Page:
As horse and pet owners, the 5th of November is a date that we approach with trepidation. Fireworks and animals can be a difficult combination to manage however, as bonfire night approaches you can take steps to minimise the impact they have on your horse or pony.
Do your prep
Check out the dates, times and locations of local fireworks events
Remember that people use fireworks to mark other occasions such as New Year or a wedding, so watch out for public notices of other events. Most neighbours will be kind enough to alert you to displays if you explain early that they can spook horses. Consider stabling your horse if displays are local, however, if your horse is used to living out then he may be best kept in his normal field.
Keep to your routine
Sudden changes to routine can be stressful for a horse, so don’t unexpectedly bring him in if he usually lives out, start bringing him in a week or so ahead of the display to get him used to it. Bringing him in for a few hours covering either side of when the firework displays will be on is often enough. Keeping lights and the radio on along with a Horslyx to distract him can help, but make sure he is used to these changes.
The chances of a fire are low, but making sure you have fire extinguishers, sand and water nearby in case of one around the stables is a good idea regardless of the time of year. Making sure that everyone on site knows the drill in case of a fire should also be part of the plan.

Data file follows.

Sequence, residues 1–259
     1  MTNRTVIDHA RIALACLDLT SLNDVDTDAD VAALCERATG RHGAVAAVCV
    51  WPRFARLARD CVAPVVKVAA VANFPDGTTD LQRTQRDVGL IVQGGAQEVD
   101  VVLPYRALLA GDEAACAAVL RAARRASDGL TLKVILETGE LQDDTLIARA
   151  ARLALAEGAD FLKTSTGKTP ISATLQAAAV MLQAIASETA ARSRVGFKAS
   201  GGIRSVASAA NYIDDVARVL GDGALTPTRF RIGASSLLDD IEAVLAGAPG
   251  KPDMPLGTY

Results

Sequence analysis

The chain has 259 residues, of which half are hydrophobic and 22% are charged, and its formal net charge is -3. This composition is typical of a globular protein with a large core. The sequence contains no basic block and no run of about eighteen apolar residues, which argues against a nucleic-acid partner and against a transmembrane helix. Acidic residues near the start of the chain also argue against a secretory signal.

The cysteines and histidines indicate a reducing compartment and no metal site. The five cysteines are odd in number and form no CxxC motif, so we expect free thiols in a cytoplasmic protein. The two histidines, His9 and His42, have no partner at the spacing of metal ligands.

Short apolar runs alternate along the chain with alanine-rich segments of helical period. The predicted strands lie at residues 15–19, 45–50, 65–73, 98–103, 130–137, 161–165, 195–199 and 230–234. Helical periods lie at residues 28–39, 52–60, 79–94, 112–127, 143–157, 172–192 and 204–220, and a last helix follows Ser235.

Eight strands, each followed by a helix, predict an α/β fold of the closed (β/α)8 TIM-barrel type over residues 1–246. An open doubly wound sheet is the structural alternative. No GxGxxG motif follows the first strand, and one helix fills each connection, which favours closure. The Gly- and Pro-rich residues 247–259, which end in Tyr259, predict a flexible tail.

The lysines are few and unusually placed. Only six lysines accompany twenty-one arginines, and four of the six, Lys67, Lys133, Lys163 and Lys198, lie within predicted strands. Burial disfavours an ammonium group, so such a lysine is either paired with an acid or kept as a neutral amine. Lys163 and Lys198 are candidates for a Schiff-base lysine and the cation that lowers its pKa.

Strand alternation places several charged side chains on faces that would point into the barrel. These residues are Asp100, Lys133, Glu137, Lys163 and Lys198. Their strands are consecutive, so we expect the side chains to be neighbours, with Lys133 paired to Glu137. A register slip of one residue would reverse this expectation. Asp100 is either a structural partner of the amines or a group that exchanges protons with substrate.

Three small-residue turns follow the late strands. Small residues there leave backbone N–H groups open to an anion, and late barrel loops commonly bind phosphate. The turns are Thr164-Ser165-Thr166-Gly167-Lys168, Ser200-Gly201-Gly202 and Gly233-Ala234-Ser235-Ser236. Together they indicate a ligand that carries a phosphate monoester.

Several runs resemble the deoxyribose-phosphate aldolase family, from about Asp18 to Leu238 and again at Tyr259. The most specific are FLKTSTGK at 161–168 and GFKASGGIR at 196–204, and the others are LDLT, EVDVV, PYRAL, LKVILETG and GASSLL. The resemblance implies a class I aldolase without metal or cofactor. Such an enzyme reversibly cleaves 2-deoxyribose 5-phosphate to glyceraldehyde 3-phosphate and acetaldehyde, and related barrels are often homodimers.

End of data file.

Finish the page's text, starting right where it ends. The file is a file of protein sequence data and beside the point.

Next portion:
On the night
Try to stay calm and hopefully your horse will too. If he does become upset, limit the risks to him by ensuring there are no items near him that could cause injury but keep yourself at a safe distance, out of harm’s way.
A Horslyx is a great distraction at any time so make sure he has a fresh one plus provide plenty of hay to keep him occupied, even if he is in a field. If stabled, a radio can help to mask the noise of the fireworks, but make sure that it is out of reach and get him used to the noise. If you are worried then check your horse regularly during the evening, staying with them may even have a calming effect. Remember, if he does get stressed, it’s important that you stay safe so you can help him once the fireworks are over.
The day after
Carry on daily checks
It’s best to carry on with your horse’s normal routine but remember to check thoroughly for any cuts or injuries.
Time for a field walk
Check your entire field including water troughs, hedges and trees for stray fireworks that may have landed overnight and could be an injury risk.
Stay safe everyone.